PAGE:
If Jettie Funderburgh was asked to choose between showing steers and lambs at livestock shows, she probably couldn’t.

“There are certain aspects (with each) that I enjoy more, but if I was asked to choose I don’t think I could,” said Funderburgh, who took home the Grand Champion title from last year’s Junior Livestock Show of Erath County.

Fortunately, the Stephenville High School junior doesn’t have to make such a decision. She will happily be doing both once again this year in the show, which is set for Jan. 9-12, at the Erath County Livestock Association’s Show Barn. That’s at 2389 FM 205 (Lower Granbury Road).

Funderburgh’s involvement in livestock shows came naturally, growing up on her family’s Erath County ranch east of Stephenville. Her mother, Beverly, was active in showing livestock while attending SHS, and her dad, D.L. Funderburgh, also showed animals as a student in the Dublin school system.

“I’ve really been around livestock my entire life, with my family owning a ranch,” said Funderburgh, who showed the Grand Champion Angus in the 2012 Houston Livestock Show. “My family was always involved with steers. I did show heifers a couple of years.

“When I turned 8 I started doing actual shows. My first year, I showed a goat. That was a good animal to start out with. The past two or three years, I started showing lambs.

“It’s a lot of fun. My favorite part is going to the shows. Getting into the ring and showing off my project is a lot of fun.”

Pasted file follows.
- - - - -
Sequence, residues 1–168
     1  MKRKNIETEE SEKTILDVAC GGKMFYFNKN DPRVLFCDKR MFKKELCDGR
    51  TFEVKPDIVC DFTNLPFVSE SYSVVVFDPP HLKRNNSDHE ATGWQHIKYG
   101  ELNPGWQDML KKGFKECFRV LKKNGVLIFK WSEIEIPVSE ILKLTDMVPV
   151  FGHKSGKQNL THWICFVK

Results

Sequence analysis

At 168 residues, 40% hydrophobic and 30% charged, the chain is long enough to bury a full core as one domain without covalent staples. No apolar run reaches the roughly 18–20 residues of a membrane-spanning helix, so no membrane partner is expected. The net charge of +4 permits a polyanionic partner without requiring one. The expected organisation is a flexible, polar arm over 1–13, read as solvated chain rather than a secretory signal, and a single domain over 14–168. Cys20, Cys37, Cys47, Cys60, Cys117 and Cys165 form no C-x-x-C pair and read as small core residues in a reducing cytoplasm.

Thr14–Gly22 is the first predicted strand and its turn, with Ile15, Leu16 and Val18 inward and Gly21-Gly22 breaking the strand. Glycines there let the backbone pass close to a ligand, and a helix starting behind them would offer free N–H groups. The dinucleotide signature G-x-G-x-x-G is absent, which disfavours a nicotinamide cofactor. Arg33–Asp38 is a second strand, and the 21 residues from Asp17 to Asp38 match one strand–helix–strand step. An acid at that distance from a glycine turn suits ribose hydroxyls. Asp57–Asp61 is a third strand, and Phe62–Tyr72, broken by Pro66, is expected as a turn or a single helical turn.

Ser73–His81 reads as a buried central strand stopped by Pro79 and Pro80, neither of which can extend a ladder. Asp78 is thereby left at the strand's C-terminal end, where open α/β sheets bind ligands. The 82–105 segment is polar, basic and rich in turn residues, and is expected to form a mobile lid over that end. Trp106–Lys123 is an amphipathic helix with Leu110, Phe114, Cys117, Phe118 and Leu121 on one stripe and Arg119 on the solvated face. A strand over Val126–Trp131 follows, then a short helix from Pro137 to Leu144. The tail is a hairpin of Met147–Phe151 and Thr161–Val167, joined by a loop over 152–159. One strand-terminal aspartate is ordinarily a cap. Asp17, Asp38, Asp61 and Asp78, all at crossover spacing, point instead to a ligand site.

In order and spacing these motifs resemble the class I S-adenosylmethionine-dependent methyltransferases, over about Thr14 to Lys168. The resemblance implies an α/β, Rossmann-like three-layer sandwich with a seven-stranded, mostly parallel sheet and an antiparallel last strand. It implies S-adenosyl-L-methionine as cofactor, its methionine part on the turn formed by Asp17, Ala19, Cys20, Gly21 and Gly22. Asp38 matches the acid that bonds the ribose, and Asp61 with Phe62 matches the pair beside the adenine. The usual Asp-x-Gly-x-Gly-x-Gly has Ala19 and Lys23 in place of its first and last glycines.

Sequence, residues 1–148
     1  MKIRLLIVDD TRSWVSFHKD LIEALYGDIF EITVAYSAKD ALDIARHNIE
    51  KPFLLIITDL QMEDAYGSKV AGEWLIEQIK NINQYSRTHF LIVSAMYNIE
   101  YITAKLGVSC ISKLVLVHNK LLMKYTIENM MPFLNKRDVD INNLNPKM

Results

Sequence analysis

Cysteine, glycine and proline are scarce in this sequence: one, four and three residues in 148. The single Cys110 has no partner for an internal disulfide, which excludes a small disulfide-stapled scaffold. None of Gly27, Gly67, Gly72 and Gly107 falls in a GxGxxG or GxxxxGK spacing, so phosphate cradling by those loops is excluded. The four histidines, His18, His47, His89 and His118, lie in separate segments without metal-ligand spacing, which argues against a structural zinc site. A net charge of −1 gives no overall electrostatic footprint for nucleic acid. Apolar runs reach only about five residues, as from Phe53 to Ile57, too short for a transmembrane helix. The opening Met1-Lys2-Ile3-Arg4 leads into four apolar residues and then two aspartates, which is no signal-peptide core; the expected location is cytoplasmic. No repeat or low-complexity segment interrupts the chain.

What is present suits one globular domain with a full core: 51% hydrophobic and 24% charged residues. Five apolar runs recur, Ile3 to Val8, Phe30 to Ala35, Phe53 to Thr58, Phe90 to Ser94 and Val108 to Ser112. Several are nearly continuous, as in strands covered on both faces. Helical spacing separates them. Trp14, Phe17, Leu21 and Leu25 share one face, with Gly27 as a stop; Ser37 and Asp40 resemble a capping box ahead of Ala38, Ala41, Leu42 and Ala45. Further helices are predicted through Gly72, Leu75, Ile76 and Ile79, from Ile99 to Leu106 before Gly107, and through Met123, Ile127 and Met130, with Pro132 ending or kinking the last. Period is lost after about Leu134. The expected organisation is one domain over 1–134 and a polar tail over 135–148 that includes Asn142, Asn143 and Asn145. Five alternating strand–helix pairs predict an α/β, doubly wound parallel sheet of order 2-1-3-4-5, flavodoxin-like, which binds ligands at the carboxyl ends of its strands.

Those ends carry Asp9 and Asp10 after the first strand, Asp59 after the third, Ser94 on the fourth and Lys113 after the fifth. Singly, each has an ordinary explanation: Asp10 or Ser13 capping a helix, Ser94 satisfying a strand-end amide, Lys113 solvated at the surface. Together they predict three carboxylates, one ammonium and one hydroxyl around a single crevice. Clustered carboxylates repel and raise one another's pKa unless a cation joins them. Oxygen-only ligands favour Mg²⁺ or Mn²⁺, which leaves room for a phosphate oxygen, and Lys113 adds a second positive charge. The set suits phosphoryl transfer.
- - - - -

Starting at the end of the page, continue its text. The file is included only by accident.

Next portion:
Her enjoyment was magnified two years ago when she had a steer that won the Reserve title, and her brother, Bunker, had the Grand Champion.

“That, for me, was a pretty awesome experience,” Funderburgh said of her brother, who is now attending the University of Mary Hardin-Baylor, where he is on the golf team. “It was his senior year, so we were all rooting for him to win. To get the Reserve was truly a blessing as well, and also for my mom and dad because we all worked so hard.”

Parents and family members often pitch in to help youngsters involved in the junior livestock show, promoting a feeling of togetherness not often found in extracurricular activities.

“When I look at it from a high-schooler’s perspective, it’s something I can do with my family,” she said. “I learn responsibility. I’ve learned a lot of life lessons taking care of animals. And I have a bond with my animals.

“Being in stock shows has given me an opportunity to go a lot of places and meet a lot of people. I’ve made a lot of lifelong friends along the way.”

BUSY SCHEDULE

Funderburgh has her hands full — not just with steers, but with other activities such as basketball, Student Council and cheerleading while maintaining her grades as an A Honor Roll student. She has been a second baseman for the SHS softball team the past two seasons. Funderburgh is also the parliamentarian for the Erath County FFA chapter.

She moved up to the varsity basketball team from the SHS junior varsity in time for the playoffs last season. Now she’s in her first full varsity season, as a 5-6 guard. The Honeybees are ranked among the top six Class 4A teams in the state in two separate polls.

The long road for junior livestock show competitors looms ahead as 2019 begins, as she gets set for a long trip to show a lamb in Denver. Of course, she is entered in the lamb and steer division in the big Fort Worth Stock Show. The family also plans to make stock show trips to San Angelo, San Antonio and Houston.

Funderburgh hasn’t fully decided on her college plans, but said she intends to take pre-med classes wherever she goes.

“I’m 100 percent sure I will be some sort of doctor. I’m interested in dermatology,” she said, noting that she’s considering SMU, TCU and Texas A&M.